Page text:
Belgian Dubbel

Belgian Dubbel Recipe

If you love rich and malty Belgian beers that make a good thing of phenolic flavours, mild hop bitterness and a hint of caramel flavours, look no further—a Belgian Dubbel should do the trick. The ABV on this one borders on the edge—it could be a Tripel, but by today’s standards, it still counts as a dubbel.  If you want to try your own hand at a Trappist beer, wait no more. This recipe has your name all over it.

Recipe Profile

  • Method: 1 gallon BIAB (Brew-in-a-bag), single stage
  • Target OG (Original Gravity): 1.070
  • Target FG (Final Gravity): 1.013
  • Bitterness (IBUs): 25
  • Estimated ABV: 7.5%
  • Boil: 90 minutes


  • 2.25 lbs Belgian Pilsner 2-row Malt
  • 4 oz Belgian Biscuit Malt
  • 2.5 oz Aromatic Malt
  • 5 oz Candi Sugar, Amber at 90 minutes
  • 0.15 oz Aurora Hops at 60 minutes
  • 0.10 oz  Saaz Hops at 15 minutes
  • Belgian Ale Yeast (Wyeast Labs #1214)

The Mash

  1. Bring 10.75 litres of water to a temperate of 158°F. Add your grains and give everything a good stir until the whole thing looks a bit like oatmeal. Shut off the heat, cover with a lid, and let it steep at 152°F for 75 minutes.
  2. Then you need to “mash out.” You put the heat back on, and raise the temperature to 168°F (75.6°C) and keep stirring for 10 minutes.
  3. Remove the grains and prepare for the boil. If you’re using a bag, just pull it out and let it drip near-dry above the pot. If you’re using a colander, strain to remove the grains, preserving the wort, which you’ll add back to the pot.
  4. Check that your gravity is on track and correct it, if neededYou need 91 gravity points for this recipe, and our target post-boil volume is 1.3 gallons.

The Boil

  1. Start the boil by bringing your wort up to a boil. Once boiling, start your timer. Add your bittering hops, as prescribed above.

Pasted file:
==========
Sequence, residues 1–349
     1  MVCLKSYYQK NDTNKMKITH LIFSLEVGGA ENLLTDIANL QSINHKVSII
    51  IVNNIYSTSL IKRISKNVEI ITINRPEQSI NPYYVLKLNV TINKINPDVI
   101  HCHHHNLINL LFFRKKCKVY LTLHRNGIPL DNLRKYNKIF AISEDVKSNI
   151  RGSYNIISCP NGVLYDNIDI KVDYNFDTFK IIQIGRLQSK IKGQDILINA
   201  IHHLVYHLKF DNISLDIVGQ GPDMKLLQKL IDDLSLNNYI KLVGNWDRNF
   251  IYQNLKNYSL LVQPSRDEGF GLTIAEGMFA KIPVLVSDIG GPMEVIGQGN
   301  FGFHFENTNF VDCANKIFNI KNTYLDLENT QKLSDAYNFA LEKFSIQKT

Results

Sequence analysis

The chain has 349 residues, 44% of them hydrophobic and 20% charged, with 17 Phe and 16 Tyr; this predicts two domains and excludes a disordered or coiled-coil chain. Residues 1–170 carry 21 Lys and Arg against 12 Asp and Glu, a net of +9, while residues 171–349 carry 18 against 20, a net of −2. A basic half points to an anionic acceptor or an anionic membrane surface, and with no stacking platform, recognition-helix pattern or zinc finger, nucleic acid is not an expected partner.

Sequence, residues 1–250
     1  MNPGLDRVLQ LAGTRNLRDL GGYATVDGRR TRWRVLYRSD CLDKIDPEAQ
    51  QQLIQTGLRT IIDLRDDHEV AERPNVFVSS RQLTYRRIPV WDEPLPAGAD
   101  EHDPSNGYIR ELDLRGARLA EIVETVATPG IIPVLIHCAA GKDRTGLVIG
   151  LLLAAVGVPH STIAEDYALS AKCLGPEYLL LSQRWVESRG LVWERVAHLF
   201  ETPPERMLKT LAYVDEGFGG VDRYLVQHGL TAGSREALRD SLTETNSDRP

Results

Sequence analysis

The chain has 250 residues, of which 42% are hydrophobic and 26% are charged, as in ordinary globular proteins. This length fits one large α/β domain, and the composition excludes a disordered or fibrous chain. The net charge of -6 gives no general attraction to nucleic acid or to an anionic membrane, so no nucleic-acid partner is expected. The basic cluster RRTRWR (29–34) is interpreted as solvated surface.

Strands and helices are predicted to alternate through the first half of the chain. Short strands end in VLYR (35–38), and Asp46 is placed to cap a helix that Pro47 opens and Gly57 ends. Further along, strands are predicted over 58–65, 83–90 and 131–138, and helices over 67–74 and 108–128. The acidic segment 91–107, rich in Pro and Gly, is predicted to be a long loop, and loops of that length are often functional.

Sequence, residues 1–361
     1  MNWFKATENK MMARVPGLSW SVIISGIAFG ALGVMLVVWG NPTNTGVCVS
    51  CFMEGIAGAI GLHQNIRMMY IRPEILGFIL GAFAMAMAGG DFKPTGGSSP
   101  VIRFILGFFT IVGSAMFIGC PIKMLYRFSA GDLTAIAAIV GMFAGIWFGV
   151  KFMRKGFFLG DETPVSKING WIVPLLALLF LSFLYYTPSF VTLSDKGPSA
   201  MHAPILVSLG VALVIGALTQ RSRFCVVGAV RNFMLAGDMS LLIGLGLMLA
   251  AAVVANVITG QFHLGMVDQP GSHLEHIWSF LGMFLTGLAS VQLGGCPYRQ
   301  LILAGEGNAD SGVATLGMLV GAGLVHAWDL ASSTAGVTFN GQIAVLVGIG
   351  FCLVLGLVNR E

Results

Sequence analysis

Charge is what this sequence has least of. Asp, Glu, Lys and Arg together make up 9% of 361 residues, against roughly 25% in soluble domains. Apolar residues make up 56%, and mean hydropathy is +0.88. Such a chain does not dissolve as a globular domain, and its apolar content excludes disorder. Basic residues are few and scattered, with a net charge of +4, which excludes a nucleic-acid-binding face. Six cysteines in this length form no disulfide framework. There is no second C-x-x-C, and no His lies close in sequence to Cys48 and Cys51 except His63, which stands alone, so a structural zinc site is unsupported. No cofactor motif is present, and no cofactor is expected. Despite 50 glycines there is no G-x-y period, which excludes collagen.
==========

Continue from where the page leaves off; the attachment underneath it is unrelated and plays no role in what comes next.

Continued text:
2. Meanwhile, prepare your sanitizer solution.
  3. Just before the boil is complete, make an ice bath in your kitchen sink. Load it up with as much ice and cold water as you can. Once the boil is over, transfer your pot to the sink to cool your wort to pitching temperature, as prescribed on the yeast pack. Remember to sanitize your thermometer every time you check the temperature.
  4. Meanwhile, thoroughly clean and sanitize your carboy, screw cap, airlock, funnel, and strainer/colander. You want everything to be ready to go once the wort is at the right temperature.
  5. Once the wort is at pitching temperature, transfer it to the carboy by passing it through a strainer overtop the funnel. Do not fill the carboy higher than the one-gallon mark.
  6. Aerate the wort.  Cover the fermenter with a screw cap and gently rock the carboy back and forth for a few minutes to mix in some air.
  7. Pitch the yeast! Pour in only one-third of the yeast vial.
  8. Seal the carboy by filling the airlock with sanitizer. Fit it in the screw cap. Move the carboy to a dark spot, free of the home’s daily commotion for at least 14 days (but ideally not more than 21).

Bottling Day

  1. Move the carboy to the countertop, if it wasn’t already there. If the wort got lots of movement during transfer, let it sit so that any stirred-up yeast has a chance to re-settle.
  2. Sanitize everything that will come in contact with the beer: bottling bucket, auto-siphon, tubing, filler, bottles, and bottle caps.
  3. Dissolve 0.59 oz (17g) corn sugar in enough boiling water to dissolve it. Add the dissolved sugar solution to your sanitized bottling bucket.